University of California, Los Angeles School of Law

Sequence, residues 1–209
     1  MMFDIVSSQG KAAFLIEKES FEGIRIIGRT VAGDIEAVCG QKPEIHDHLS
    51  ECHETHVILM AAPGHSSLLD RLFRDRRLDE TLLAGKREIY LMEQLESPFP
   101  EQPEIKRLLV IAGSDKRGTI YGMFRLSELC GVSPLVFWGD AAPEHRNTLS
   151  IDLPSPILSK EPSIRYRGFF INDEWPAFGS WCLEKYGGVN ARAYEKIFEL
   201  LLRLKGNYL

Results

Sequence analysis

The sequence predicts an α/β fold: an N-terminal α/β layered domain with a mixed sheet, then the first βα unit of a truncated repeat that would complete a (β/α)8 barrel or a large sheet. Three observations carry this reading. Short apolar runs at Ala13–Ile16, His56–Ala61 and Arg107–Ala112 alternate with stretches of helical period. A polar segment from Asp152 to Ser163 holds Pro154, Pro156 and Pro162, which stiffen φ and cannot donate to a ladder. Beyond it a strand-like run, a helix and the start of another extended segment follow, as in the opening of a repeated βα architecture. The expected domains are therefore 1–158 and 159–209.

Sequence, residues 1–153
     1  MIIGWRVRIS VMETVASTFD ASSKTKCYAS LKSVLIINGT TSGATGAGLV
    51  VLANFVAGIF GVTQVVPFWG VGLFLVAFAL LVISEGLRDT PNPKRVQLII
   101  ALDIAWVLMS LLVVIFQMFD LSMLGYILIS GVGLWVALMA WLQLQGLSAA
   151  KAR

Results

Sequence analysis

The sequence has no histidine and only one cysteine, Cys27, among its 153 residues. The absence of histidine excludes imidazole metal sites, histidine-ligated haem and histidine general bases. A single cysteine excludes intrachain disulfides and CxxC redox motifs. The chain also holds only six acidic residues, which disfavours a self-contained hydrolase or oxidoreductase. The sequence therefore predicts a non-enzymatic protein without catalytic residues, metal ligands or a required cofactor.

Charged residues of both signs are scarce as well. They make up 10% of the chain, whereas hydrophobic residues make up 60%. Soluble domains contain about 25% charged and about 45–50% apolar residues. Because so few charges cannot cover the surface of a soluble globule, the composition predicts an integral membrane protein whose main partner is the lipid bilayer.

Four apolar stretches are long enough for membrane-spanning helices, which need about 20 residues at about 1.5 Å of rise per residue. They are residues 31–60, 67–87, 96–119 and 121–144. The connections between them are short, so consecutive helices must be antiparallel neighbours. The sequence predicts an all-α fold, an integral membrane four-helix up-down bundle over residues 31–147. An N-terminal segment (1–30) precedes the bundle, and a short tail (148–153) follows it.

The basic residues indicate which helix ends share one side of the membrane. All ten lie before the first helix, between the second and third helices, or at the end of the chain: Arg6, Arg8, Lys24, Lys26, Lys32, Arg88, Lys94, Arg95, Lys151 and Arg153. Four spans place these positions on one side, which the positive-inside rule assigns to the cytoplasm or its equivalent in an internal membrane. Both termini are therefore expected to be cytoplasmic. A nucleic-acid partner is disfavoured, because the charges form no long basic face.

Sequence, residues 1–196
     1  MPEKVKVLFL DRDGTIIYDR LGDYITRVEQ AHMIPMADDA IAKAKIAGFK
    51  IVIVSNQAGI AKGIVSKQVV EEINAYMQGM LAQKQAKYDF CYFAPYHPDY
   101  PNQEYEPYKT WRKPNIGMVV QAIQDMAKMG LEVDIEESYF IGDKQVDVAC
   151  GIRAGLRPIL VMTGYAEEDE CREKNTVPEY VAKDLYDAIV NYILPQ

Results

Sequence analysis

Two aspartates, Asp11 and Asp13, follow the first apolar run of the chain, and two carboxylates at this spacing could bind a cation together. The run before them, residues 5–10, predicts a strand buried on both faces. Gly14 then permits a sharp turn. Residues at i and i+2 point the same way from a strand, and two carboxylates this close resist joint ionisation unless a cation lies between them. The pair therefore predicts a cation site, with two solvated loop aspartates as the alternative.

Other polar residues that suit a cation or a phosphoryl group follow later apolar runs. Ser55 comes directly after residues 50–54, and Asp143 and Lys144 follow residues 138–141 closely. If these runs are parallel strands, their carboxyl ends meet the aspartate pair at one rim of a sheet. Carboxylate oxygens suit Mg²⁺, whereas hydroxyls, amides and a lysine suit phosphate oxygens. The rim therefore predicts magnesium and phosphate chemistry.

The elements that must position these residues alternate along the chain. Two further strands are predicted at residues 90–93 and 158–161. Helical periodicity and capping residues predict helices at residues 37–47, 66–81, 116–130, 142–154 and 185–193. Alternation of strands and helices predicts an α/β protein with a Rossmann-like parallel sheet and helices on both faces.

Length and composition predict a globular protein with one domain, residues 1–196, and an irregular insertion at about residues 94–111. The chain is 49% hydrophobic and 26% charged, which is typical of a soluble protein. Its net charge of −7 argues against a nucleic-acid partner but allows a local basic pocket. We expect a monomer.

Consequentialist analysts of legal rules tend to focus their attention on Holmes’s “bad man,” who conforms to legal rules only out of fear of legal sanctions. On this view, legal rules should be designed to give self-interested legal subjects sufficient reason to choose socially optimal actions. But many people conform to legal rules simply because they are the rules, even when their self-interest dictates doing otherwise. At first glance, this focus on the bad man seems to make sense. Lawmakers, it is plausible to suppose, don’t have to worry about the “good man” when designing legal rules because he will do what they want him to do anyway by conforming to the law. In other words, good man analysis of law is simple and so can be safely ignored. But good man analysis of law is much more complex than scholars have previously supposed, and ignoring the good man will therefore lead consequentialist lawmakers to err. People are motivated to comply with legal rules for various different kinds of reasons, and this variety matters for their behavior by affecting both their short-run responses to legal rules and their long-run attitudes towards the law. A lawmaker ought to design legal rules in a way that attends to this variety if her aim is to design socially optimal rules. This Article systematically analyzes the problem of legal design in the face of the diversity of motivational types that exist in the population of legal subjects. Part I develops a typology of good persons by exploring the causes and consequences of legal norm internalization—the ways in which a person’s preferences are transformed such that he comes to value complying with legal rules for the sake of the rules. Part II argues that a good person’s type matters for his behavior in a number of important ways. For example, it affects the way in which he chooses among actions that conform to legal norms and the ways in which he responds to the various kinds of uncertainty to which the legal system exposes him. Part III derives normative implications of my analysis for consequentialist lawmakers, while also addressing the converse worry that good man analysis of law is too complex to be tractable. The overall aim is to systematically examine the ways in which a diversity of motivations in the population complicates the problem of legal design for legislators, judges, and administrative officials, and to develop an organizing framework that can be used to think about the problem rigorously, which I illustrate by exploring some examples.